An Easter Message

Added about 7 years ago by Michael Sadgrove

A very happy Easter to all our readers and authors from everyone from Sacristy Press!

As our Easter gift to you, here’s an extract from a poignant Easter sermon by Michael Sadgrove, Dean Emeritus of Durham Cathedral, which can be found in full in his book Christ in a Choppie Box: Sermons from North East England

Happy Easter from Sacristy Press

Easter answers our longings and desires. It does this by both changing how things were, and transforming our view of them. We would not be here if we didn’t believe that something infinitely life-changing took place on Easter morning when the women went to the tomb and found the stone rolled away and the grave space empty. There is no getting away from this singularity in history. “Why do you look for the living among the dead? He is not here”, say the two men in the garden. A real absence, indeed, but a vacuum that gives the women what they most need: permission to dare to entertain the possibility that all was not as it seemed, that they were in the presence of the most profound of mysteries that nevertheless had the capacity to turn round despair. “He is risen. Remember how he told you.” Here is where fantasy meets reality, where longing is transmuted into hope. The women begin to see reality differently. We begin to. The world is a different place. The garden has flowers. There is blue sky above our heads. The earth begins to warm. At last it is spring. Everything changes. 

Of course, all this is to collapse a long disclosure and its realisation into a few moments. Luke himself keeps us in suspense here: the disciples did not believe the women at first. The two who walked the Emmaus Road with the unknown stranger did not recognise him: there was a journey to make, not simply along a dusty cratered near-eastern cart track, but an inward journey of the soul to bring springtime to their bleakness, coax their frozen spirits back into life. The important thing is: there is disclosure. There is a new world. Winter has fled, and with it its gloomy shadows and oppressive captivity. He is risen.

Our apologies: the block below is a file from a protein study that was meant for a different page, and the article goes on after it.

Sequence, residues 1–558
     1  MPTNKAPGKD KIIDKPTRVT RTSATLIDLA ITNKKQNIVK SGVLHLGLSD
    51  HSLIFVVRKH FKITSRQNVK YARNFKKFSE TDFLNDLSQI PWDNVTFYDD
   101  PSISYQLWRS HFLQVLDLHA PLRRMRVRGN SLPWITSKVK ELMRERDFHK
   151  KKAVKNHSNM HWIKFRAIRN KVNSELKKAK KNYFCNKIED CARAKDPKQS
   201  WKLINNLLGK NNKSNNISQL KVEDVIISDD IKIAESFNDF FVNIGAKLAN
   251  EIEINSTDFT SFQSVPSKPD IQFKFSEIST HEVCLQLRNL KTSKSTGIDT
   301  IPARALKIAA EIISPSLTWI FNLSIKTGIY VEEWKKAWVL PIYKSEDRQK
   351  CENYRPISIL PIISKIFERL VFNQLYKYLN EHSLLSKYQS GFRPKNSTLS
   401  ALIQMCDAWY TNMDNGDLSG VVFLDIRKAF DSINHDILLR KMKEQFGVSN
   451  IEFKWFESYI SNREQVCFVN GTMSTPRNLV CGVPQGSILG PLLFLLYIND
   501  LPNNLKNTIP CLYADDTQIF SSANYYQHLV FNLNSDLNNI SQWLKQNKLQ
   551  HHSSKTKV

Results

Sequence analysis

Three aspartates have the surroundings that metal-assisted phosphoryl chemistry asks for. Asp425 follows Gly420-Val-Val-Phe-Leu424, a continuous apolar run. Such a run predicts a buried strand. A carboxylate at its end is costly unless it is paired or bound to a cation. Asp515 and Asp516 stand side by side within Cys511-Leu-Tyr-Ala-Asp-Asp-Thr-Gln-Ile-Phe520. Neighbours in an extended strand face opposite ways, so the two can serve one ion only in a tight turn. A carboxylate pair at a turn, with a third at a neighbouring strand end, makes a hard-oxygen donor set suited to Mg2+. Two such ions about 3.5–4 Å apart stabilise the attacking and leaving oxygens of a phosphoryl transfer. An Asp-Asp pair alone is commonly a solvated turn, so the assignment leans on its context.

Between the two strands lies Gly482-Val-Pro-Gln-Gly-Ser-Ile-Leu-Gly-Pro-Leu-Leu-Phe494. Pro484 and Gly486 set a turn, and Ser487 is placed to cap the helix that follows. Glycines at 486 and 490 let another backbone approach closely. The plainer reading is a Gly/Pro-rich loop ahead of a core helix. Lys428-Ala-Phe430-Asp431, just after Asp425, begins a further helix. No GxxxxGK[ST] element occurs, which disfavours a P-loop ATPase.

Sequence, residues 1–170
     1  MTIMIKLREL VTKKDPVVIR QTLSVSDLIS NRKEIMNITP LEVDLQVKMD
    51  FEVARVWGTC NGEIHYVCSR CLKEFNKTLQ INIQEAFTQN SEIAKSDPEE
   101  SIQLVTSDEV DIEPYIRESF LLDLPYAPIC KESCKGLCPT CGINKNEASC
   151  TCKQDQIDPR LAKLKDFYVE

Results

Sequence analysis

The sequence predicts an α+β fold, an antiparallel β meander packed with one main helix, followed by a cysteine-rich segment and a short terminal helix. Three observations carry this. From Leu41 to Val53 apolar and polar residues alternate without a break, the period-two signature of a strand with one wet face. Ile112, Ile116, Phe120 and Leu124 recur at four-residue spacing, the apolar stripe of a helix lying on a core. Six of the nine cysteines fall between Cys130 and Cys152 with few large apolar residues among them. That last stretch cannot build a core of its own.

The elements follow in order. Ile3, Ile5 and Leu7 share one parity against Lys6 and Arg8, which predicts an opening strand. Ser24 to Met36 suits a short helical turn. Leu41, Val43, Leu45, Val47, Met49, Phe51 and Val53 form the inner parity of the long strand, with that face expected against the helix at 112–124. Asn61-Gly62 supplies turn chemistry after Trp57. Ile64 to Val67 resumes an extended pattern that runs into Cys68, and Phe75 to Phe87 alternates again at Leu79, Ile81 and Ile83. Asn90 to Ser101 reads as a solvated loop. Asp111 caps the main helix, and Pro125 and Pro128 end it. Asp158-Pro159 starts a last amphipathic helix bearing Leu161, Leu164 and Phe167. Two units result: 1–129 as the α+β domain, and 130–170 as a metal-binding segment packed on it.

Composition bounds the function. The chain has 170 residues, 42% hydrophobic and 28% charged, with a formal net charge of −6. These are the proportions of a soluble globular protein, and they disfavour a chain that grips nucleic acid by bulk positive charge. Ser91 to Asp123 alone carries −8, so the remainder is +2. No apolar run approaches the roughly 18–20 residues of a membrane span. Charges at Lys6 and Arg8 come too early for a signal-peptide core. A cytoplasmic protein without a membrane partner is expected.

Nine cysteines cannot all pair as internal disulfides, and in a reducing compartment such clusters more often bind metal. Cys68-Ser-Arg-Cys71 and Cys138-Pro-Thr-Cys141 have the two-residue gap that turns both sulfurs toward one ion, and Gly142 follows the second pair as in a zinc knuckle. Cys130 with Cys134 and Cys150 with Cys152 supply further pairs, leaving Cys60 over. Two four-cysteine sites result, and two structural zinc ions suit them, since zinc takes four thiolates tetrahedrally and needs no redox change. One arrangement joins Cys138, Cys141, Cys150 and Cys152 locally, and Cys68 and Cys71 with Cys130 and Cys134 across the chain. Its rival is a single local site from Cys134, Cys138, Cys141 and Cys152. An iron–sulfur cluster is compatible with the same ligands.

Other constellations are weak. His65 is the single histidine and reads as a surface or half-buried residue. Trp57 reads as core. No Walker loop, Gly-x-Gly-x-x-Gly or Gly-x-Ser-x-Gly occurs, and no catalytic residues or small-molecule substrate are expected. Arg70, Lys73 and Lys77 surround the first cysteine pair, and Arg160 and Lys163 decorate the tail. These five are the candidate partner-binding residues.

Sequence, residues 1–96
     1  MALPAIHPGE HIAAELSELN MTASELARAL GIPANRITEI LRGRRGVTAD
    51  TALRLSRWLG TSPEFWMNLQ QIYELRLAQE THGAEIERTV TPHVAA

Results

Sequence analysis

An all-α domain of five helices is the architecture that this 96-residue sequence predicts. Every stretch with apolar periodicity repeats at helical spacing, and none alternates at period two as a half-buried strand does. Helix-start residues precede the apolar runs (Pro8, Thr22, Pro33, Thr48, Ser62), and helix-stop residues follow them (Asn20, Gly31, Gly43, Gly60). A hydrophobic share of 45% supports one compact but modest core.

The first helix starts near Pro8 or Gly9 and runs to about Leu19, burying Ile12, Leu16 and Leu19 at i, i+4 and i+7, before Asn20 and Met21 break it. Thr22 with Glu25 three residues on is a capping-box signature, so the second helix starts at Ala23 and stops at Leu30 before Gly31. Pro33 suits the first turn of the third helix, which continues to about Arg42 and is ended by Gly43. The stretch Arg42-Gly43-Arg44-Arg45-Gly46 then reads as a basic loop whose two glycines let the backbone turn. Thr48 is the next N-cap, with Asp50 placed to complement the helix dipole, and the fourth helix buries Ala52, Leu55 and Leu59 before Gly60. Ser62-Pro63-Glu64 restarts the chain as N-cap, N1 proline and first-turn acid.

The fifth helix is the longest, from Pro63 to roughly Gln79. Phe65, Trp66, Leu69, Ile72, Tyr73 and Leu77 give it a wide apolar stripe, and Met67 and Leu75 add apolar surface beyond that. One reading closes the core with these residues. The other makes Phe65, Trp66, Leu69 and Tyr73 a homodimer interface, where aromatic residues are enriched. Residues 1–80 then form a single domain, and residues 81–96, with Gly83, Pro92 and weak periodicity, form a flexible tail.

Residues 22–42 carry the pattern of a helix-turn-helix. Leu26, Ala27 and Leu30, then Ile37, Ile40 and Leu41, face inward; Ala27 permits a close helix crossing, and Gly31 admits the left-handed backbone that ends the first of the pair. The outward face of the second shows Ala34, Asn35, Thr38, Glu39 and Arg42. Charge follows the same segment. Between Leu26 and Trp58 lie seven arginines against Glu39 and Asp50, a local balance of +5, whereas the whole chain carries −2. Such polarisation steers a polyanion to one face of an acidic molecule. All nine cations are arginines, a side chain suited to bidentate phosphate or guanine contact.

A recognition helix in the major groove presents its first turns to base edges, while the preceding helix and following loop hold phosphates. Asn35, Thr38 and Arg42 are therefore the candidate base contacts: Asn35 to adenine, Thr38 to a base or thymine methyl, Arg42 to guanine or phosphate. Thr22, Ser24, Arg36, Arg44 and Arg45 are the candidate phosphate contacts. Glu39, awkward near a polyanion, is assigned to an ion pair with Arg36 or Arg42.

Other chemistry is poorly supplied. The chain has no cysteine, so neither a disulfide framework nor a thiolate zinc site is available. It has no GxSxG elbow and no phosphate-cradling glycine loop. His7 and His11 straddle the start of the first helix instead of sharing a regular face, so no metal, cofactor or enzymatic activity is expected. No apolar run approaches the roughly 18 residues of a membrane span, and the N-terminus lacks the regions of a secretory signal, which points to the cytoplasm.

St Augustine has a beautiful passage in a commentary on the feeding of the crowd where he speaks about our human longings and hungers. “Give me a lover: a lover will feel what I am speaking of; give me one who longs, who hungers, who is a thirsty pilgrim in this wilderness, sighing for the springs of his eternal homeland; give me such a person, for they will know what I mean.” He might have added: give me one who is longing for spring, yearning to be rid of burdens, tired of this endless Narnian winter, weary in themselves, weary for our globe that strives to find some hope as it struggles under the weight of unhealed conflict, sorrow and pain. 

If this echoes your experience, then come to the risen Lord today. Sit down at his Easter feast. Eat bread and drink wine. Find your healing and refreshment in him; be glad that he is among us as our beloved brother, who was lost in his death but found in his resurrection, who opens up the way home for all people and welcomes us to celebrate here in his Father’s house. For here, at least, “the winter is past, the flowers appear on the earth, and the time of singing has come. Arise my love, my fair one, and come away.” 

Michael Sadgrove’s collection of sermons, Christ in a Choppie Block: Sermons from North East England, is available in our online shop. 

Please note: Sacristy Press does not necessarily share or endorse the views of the guest contributors to this blog.

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